Halifax has introduced some really interesting data analysing how well different property types have performed by region.
Here’s a summary of what they’ve done and if you are buying or investing, it is worth bearing these stats in mind when making your decision.
Housing market downturn 2007-2009
When property prices plummeted between 2007 and 2009, here’s how each property type fared:
Terraced houses – down by 33%
Flats – down by 32%
Detached – rather better but still down by -26%
Bungalows – best performing of all, but still struggling at -21%
Housing market recovery in last five years 2009-2014
All property types have seen a substantial increase as the housing market has improved in the last five years. Here’s how they look now:
Flats – best performing, at +43%
Terraced houses – doing well at +31%
Detached – further down at +20%
Bungalows – smallest gain at +15%
London has led flat price increases (+44%) with other areas of the UK trailing, second highest being in the South East (+20%) and poorest performing in the East Midlands and Yorkshire and the Humber areas (both at just +3%).
Martin Ellis, housing economist at the Halifax, comments, “There has been a significant increase in the number of first-time buyers since 2010, compared with a modest decline in the number of those moving home. This difference is reflected in a bigger rise in prices over the past five years for those property types that are most popular with first-time buyers: flats and terraces.
Since 2009, larger property types – such as detached homes, semis and bungalows – have underperformed flats and terraces. The demand for such properties has been partly constrained by a widespread lack of equity amongst homeowners who bought for the first time around the peak in the market. Many of these homeowners are still finding it difficult to finance a move to a larger home.”
The regional outlook however is more encouraging than headlines suggests
Despite scary headlines suggesting that buyers need tens of thousands of pounds, and tens of years, to save for a deposit, that’s not quite true according to the latest data from the Halifax.
A flat costs less than £100,000 in the North and Central regions, so requiring a 5% deposit would mean only having to raise £5,000. And no stamp duty either!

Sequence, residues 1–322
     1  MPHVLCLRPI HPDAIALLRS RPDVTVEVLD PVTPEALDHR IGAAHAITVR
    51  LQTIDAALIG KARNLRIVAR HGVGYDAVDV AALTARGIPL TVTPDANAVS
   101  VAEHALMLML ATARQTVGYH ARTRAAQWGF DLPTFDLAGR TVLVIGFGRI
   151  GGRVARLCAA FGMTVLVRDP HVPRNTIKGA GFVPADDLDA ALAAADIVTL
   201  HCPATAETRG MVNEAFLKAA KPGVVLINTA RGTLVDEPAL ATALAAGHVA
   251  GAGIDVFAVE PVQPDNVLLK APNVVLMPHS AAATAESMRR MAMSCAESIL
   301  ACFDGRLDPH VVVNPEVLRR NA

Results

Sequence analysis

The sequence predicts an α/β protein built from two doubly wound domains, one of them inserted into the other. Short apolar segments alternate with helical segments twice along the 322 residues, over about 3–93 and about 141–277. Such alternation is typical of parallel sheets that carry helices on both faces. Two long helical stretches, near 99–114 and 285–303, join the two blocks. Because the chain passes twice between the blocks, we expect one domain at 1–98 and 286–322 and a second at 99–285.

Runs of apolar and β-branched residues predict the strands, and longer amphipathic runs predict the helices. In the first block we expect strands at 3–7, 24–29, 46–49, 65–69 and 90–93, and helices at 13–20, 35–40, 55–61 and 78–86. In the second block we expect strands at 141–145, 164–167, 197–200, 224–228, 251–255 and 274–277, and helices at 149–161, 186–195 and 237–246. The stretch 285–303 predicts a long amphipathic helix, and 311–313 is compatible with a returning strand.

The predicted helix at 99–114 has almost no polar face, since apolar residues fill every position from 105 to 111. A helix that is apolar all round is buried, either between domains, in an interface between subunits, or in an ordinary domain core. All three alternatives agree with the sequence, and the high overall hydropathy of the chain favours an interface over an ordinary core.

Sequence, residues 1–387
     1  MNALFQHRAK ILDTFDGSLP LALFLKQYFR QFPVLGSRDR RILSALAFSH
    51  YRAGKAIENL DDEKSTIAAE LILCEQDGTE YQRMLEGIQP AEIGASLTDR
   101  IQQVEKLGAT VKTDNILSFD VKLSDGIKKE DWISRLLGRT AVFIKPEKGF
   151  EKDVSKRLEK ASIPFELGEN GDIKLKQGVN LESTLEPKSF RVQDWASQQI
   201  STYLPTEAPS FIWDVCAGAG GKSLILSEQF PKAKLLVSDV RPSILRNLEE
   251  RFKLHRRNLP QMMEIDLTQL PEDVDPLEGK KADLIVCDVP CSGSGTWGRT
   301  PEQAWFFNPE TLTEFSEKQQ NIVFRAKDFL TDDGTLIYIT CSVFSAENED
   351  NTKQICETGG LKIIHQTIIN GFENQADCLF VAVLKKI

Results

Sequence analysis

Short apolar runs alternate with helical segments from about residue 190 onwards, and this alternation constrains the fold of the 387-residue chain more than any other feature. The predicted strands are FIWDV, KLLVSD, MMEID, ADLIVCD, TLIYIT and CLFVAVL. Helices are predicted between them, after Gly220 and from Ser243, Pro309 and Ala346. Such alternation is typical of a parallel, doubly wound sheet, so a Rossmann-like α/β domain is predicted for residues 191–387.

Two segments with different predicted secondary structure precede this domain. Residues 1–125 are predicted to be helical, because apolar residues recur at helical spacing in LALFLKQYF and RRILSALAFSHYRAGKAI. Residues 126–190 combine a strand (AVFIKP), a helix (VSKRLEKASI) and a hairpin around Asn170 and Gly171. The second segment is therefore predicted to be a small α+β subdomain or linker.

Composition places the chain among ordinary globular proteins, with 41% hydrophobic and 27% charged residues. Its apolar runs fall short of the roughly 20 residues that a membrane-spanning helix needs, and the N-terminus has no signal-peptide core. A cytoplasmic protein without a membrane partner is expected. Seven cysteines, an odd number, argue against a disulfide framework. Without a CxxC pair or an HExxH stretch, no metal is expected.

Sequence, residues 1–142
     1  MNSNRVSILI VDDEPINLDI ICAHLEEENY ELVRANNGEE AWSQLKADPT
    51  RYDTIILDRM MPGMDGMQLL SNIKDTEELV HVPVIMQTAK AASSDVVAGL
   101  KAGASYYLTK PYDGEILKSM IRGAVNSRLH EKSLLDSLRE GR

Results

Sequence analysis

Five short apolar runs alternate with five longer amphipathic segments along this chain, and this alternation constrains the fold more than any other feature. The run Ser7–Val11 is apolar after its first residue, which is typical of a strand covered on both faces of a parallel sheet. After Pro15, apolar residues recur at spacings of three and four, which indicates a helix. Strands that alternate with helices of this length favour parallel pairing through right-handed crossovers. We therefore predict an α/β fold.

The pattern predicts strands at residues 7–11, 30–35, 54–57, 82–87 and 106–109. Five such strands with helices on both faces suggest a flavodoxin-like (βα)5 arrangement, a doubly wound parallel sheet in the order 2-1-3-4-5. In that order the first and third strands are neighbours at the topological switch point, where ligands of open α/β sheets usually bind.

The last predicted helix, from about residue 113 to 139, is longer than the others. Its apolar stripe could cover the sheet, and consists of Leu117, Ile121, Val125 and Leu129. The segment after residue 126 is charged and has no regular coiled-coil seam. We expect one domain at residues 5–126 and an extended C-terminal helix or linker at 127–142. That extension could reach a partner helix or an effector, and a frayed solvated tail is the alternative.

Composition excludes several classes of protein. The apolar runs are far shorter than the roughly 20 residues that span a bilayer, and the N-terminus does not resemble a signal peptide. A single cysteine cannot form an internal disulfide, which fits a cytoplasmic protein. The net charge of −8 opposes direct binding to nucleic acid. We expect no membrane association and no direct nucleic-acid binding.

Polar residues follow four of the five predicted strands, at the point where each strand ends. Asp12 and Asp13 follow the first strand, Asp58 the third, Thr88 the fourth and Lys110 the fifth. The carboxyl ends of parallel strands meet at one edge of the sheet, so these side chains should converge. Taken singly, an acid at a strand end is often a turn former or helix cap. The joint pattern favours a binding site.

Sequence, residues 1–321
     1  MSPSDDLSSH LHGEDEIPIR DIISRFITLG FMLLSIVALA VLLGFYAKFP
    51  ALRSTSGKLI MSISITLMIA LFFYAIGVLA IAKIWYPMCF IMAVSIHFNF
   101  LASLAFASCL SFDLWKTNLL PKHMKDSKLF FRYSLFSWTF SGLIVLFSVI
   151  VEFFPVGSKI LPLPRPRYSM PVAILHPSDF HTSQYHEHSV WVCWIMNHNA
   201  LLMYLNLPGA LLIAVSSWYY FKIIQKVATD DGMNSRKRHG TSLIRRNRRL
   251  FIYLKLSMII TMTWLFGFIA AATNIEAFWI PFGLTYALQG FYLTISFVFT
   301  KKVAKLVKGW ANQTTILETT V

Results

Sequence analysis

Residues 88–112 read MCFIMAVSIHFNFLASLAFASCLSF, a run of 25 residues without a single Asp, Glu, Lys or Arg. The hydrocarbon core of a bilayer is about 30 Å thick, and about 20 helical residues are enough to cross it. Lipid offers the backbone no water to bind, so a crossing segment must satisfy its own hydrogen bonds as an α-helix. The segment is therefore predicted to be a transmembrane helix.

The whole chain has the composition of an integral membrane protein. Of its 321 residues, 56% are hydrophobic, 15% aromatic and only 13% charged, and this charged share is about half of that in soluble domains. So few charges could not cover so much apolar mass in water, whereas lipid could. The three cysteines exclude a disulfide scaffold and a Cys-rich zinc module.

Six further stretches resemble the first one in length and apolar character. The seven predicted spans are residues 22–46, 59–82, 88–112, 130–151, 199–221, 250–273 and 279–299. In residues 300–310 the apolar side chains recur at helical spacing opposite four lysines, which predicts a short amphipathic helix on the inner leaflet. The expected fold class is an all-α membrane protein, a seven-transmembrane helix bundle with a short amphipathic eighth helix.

A detached property, though, is harder to afford and on average will cost £225,000 across the UK. But this still only requires a 5% deposit of just £10,000 under Help to Buy, and attracts only 1% in stamp duty.
London, of course, is pricier and a typical flat will cost on average £328,800, which is still the least expensive option since a detached property will cost an average of £706,000 (and £481,000 in the South East).
Read - First time buyer quick guide
Regional differences in average house price from 2004-2014
In general terms London led the field again at an average increase across all property types of 30% but interestingly, Scotland was neck-and-neck at 30%.
This is against a UK average of 15%.
Flats showed the biggest fluctuation in price by region, with Scotland leading the way at 43%, while the East Midlands chalked up a dismal -19% over the same period.
Sales to first-time buyers and home movers in 2004-2014
And the price increases reflect movement in the market, so terraces sold the most. Here’s a breakdown of the percentage of property types sold over the last 10 years.
Looking at the 6 months to June 2004:-
Home movers showed more interest in semi-detached properties, accounting for 27% of sales with detached homes not far behind at 28% and 27% for the same two periods.
So, the property type you buy does matter financially and the trends suggests although terraces have performed well over the last 10 years, the next 10 years may see semi- detached properties perform better as the young trade up and the old trade down.
Read - First time buyer legals
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